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“Cathy speaks English,” her teacher told me as I sat down next to her.
She bit her lip and shook her head no. I decided to push a little bit and practice the basics like I’m usually able to with the other teenagers in the Potter’s House education program.
“How are you, Cathy?”
“I’m fine, thanks. And you?” she answered as expected.
“Fine. What-do-you-like-to-study?” I enunciated.
“I’m studying to be a bilingual secretary. I graduate in November, but I want to go to a university in the United States,” she explained with a smile.
Oh. Cathy can indeed speak English. She told me about herself, her school and how she came to Potter’s House as a young child for medical care, but a decade later, she’s still a part of the education program.
Cathy speaks with confidence and takes corrections in stride, repeating the sentence and continuing deliberately. It’s only when we start talking about the things closest to Cathy’s heart that she falters and switches to Spanish.
“When I was eight years old, my father was killed,” she tells me, “and my mother had to start working in the garbage dump.” Even though she doesn’t say it, I know from staff that Cathy, like many other children living here, witnessed her father’s death.
“When my father died, it was very difficult for me…coming to Potter’s House started to fill my heart—the people, the love, the support. Not just the support that they give us in school and homework, but the spiritual support…I came to know God little by little.”
Potter’s House nurtured Cathy and helped form her into the confident, intelligent young woman she is today. Her character has helped her excel in her studies and overcome difficult obstacles that still surface in her life.
A few months ago, one such obstacle surfaced. Cathy’s family lost their house in a community fire. She admits she was upset and frustrated, especially because it’s her last year of school and all her supplies were destroyed.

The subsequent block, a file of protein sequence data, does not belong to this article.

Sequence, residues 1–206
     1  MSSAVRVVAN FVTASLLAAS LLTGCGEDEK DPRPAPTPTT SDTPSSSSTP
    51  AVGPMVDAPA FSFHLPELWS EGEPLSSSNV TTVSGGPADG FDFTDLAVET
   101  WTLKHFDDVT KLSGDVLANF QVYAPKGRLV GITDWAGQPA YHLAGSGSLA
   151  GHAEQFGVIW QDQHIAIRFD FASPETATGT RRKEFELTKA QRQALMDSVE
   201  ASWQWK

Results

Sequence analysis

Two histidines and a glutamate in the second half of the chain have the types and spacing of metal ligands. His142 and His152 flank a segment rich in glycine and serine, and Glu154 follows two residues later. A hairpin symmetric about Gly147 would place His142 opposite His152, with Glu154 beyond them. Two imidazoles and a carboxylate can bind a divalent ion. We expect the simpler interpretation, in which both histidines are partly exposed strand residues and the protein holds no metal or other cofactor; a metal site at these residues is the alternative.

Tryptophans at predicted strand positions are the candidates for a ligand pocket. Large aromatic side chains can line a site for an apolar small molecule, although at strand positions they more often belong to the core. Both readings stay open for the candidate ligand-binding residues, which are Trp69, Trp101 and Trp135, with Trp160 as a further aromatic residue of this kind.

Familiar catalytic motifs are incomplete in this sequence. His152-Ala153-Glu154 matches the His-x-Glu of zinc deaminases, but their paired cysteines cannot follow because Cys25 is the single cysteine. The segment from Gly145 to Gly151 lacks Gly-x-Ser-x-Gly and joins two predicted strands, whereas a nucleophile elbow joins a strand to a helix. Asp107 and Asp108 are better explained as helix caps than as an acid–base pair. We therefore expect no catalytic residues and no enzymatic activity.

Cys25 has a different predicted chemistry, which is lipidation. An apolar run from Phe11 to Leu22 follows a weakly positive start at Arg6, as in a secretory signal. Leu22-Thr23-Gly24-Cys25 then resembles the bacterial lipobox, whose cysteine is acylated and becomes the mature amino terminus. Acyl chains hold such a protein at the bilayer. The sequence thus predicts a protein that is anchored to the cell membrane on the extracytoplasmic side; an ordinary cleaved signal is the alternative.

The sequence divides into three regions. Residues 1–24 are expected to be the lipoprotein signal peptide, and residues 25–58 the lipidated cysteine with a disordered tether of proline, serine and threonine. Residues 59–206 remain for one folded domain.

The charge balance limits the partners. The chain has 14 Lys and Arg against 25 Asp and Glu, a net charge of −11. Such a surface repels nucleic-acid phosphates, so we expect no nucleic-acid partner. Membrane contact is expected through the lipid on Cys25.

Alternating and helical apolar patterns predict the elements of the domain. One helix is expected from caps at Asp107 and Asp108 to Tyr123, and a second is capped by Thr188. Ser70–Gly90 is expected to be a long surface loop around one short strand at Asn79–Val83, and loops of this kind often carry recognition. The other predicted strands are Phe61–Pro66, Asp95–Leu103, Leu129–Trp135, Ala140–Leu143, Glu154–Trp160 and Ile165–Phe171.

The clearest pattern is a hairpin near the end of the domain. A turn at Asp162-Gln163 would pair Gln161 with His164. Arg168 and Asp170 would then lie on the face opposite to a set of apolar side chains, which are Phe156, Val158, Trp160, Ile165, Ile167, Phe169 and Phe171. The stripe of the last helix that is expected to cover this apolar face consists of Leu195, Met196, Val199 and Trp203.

But Potter’s House was quick to help rebuild Cathy’s home, and the other five homes lost in the fire, as a part of their community support program. It was an answered prayer for Cathy’s family.
I go through the list of ways Cathy’s family has benefited from Potter’s House—the medical help, the free lunches Cathy received in the education program, tutoring, a new house, a relationship with sponsors who help encourage Cathy…
I can see why she’s grateful.
“Cathy, what’s the most valuable thing Potter’s House has given you?” I ask.
“They’ve demonstrated to me that it doesn’t matter where someone is from. Sometimes, people think less of us and say, ‘they come from the garbage dump,’ but this doesn’t make me feel bad because God gives each of us equal value. They’ve taught us that we’re treasures, and we need to demonstrate that in all places.”
Cathy is grateful, but not indebted.
She understands the support and love she receives is not something to be paid back—it’s an outpouring of God’s care for her.
Looking around at the other Potter’s House students, I’m grateful for the tangible things they receive, but more grateful for the message behind the gifts. With every lunch, band aid and tutoring session, they learn they are worthy of love. They are worth investing in, worth caring for and truly worthy of the title Treasure.
- Learn more about the education program, the community support program, and the other work covered by Potter’s House from their website.
- Cathy’s journey was supported by donors. She has been blessed by the financial and emotional support of people who’ve invested in her, and her donors have been blessed by watching Cathy grow and flourish. Wouldn’t you like that opportunity? Consider becoming a child sponsor with Potter’s House.
- What is the message behind your giving? Think about volunteer work you’ve done or things you sponsor. What is the message alongside the support?
- Pray for Cathy as she finishes her last year of school and graduates in November. Pray for the other Treasures in school and in the dump community in Guatemala.
About the Author: Laura is a journalism fellow with World Next Door. She graduated from the University of Arizona, Tucson with a degree in Animal Sciences and a minor in Spanish. She is constantly learning, making friends, dancing, and trying to understand her role in alleviating the suffering of others. Laura also attracts a lot of awkward situations.